The University of Iowa

Why Make a Scene?

Weekend June 27 to June 28 2020

Creating a public display of emotion is one way of describing what it means to “make a scene.” While public spectacles tend to be spontaneous, creating scenes on paper usually requires considerable planning and forethought. In The Scene Book: A Primer for the Fiction Writer, author Sandra Scofield defines scenes as “those passages in narrative when we slow down and focus on an event in the story so that we are ‘in the moment’ with characters in action.” If the scene is compelling enough, the reader becomes a bystander of sorts, and characters come to life.


Scenes are the building blocks of narrative, regardless of the form that narrative takes. Anyone who writes short stories, novellas, novels, memoirs, screenplays or dramatic plays must be proficient at creating compelling scenes. In fact, the decision to write in scene or summary is made on the basis of importance. If the event or moment is significant in the life of the story, chances are you will want to develop it through scene. What’s less important ends up being summarized.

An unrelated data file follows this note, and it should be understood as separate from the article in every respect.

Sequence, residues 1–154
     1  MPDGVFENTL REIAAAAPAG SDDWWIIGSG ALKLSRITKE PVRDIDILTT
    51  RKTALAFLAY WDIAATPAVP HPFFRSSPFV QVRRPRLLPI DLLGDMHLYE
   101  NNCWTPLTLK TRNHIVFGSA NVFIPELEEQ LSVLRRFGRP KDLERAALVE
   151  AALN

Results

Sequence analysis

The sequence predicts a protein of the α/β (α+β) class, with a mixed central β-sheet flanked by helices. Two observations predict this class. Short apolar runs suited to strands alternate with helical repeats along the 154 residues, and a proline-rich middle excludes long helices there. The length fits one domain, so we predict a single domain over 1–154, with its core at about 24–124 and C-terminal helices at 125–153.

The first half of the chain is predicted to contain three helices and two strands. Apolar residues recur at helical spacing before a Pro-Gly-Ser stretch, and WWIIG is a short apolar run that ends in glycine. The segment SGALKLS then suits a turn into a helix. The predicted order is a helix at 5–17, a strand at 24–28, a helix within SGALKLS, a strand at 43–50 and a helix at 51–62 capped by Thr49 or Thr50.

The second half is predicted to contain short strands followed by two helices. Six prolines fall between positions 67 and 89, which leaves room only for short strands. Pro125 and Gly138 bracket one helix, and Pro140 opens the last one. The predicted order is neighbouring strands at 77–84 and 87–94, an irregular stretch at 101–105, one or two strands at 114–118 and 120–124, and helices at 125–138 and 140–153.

During our time together, you can anticipate a variety of activities: a little lecture, more discussion, and as much writing as we can squeeze into one weekend. We will analyze your favorite scenes to discover their secrets, revise scenes you’ve brought from home, and draft new ones to practice your skills. 


All are welcome—unrepentant scene-makers and newcomers just finding their voices. 


In this workshop, we will generate new writing through exercises and assignments; critique writing you bring from home; provide feedback on writing you produce in our weekend.

Short Story
Young Adult